Saturday, April 07, 2012

Chennai woman is first Indian dean at American B-school

“I am very much an accidental dean,” says Srilata Zaheer when asked if her appointment as Dean at the University of Minnesota's Carlson School of Management was part of a long-held aspiration. “Absolutely not, I loved my life as a faculty member,” she clarifies. Ms. Zaheer, who grew up in Chennai, is the first Indian to head the business school situated in Minneapolis, U.S.A. Sri, as she is known to friends and colleagues, is the 12th dean in the more than 90-year-old history of the Carlson School.

Brought up in the city, Ms Zaheer studied at Stella Maris College and Women's Christian College (WCC). “I was born in Durgapur, West Bengal, but since my family is from Tamil Nadu, I grew up here,” she says. “I have fond memories of living with my grandparents and cousins in a house in T. Nagar, a stone's throw away from Vani Mahal, and going to school in Church Park convent. I am still in touch with the friends I went to school with in the city.”

She recollects accompanying her grandfather to concerts at the Music Academy, as a child. Her mother Sita Govindaswamy sang on All India Radio. Ms. Zaheer also went to school in Durgapur but returned to Chennai to complete high school at the Good Shepherd Convent, followed by pre-university at Stella Maris and a Bachelors in Physics at WCC.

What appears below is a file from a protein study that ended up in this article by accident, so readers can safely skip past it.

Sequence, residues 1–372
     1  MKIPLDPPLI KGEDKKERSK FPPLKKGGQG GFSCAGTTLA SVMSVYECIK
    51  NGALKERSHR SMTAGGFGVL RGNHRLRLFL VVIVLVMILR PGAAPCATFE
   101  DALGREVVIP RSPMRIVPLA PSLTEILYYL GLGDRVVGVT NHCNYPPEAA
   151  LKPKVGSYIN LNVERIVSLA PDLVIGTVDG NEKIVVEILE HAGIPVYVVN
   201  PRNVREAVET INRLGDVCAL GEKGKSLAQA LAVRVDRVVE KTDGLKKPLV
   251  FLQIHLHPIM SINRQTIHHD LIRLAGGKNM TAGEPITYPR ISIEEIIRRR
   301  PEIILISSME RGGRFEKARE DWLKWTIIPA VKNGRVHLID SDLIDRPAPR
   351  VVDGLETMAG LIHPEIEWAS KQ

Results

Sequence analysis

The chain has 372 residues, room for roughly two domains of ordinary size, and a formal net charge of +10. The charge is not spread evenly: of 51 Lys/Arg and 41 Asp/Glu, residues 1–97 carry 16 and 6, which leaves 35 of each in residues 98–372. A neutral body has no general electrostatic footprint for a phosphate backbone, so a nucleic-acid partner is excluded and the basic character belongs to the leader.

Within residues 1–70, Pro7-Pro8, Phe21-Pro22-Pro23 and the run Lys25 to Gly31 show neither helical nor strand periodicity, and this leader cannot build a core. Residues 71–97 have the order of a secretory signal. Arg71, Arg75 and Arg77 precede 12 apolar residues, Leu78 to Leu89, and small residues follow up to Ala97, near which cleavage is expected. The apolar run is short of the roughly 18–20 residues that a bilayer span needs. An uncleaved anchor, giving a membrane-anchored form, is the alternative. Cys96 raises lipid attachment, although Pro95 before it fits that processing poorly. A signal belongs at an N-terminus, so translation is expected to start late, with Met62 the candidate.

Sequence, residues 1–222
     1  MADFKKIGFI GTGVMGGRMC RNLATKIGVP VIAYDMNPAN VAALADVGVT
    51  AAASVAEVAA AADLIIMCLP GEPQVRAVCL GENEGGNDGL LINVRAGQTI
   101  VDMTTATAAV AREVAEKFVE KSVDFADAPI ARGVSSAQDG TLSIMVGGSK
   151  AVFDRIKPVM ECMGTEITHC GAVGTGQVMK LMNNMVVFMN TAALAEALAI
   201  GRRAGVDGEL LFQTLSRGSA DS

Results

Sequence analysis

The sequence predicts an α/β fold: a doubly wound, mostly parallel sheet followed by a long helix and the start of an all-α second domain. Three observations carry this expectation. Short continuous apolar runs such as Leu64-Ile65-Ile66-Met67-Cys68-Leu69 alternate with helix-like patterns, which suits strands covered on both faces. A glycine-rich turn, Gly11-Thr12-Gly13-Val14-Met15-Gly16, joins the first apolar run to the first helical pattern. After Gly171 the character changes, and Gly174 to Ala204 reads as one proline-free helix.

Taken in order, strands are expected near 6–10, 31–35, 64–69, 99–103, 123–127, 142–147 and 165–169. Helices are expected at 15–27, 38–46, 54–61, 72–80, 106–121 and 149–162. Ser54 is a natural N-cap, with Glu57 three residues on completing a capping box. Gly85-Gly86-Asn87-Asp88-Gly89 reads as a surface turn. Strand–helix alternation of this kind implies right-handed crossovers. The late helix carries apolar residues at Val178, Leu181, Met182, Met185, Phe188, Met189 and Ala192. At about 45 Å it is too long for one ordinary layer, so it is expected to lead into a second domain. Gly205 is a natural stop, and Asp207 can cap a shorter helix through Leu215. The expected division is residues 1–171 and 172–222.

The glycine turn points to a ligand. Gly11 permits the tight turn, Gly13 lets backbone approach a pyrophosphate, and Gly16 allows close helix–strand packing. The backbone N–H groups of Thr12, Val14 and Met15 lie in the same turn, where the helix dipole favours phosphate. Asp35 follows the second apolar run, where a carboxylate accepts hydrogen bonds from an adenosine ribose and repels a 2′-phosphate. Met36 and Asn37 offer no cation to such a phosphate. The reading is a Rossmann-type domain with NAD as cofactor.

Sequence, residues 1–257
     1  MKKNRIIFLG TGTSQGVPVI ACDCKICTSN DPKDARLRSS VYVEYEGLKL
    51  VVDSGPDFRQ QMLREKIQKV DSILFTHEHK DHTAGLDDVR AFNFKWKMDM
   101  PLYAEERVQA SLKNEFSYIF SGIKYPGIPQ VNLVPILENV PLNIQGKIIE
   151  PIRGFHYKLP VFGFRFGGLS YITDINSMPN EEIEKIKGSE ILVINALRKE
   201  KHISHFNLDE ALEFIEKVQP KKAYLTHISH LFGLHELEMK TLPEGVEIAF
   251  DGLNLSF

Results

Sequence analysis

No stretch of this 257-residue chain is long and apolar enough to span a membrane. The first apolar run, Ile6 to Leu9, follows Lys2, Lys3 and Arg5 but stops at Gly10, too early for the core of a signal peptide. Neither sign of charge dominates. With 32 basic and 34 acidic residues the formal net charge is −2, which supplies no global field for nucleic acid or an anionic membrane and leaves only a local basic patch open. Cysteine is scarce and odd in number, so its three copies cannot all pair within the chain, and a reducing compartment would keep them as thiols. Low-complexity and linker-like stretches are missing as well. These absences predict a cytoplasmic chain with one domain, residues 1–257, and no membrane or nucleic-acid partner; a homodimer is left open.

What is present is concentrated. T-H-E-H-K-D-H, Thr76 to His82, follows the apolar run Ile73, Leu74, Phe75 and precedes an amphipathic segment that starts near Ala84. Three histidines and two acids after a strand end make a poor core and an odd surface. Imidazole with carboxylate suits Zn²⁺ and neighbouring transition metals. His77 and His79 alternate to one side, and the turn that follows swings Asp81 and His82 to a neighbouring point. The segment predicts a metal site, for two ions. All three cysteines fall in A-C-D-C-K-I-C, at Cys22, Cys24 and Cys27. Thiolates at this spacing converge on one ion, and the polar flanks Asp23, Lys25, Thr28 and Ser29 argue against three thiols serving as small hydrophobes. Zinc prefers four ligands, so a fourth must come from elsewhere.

“My time in Chennai was a lot of fun; acting in plays at WCC, participating in inter-collegiate competitions, and taking French classes at Alliance Fran├žaise,” she says. She went on to study at the Indian Institute of Management, Ahmedabad (IIM-A) and was one of eight women in a class of 120. After completing her studies, Ms. Zaheer worked with several top companies in the country before moving to Nigeria.

“Nigeria is where I got into university teaching for the first time and realized I had found my calling,” she says. Later, when Ms. Zaheer and her husband Aks graduated from Sloan School at Massachusetts Institute of Technology, the Carlson School convinced both of them to join as faculty. “We came to Carlson School knowing little about the institute or Minneapolis. The intellectual vibrancy and learning culture at the school has kept us hooked. I relish the challenges as a dean,” she signs off.

Source: The Hindu, April 7, 2012

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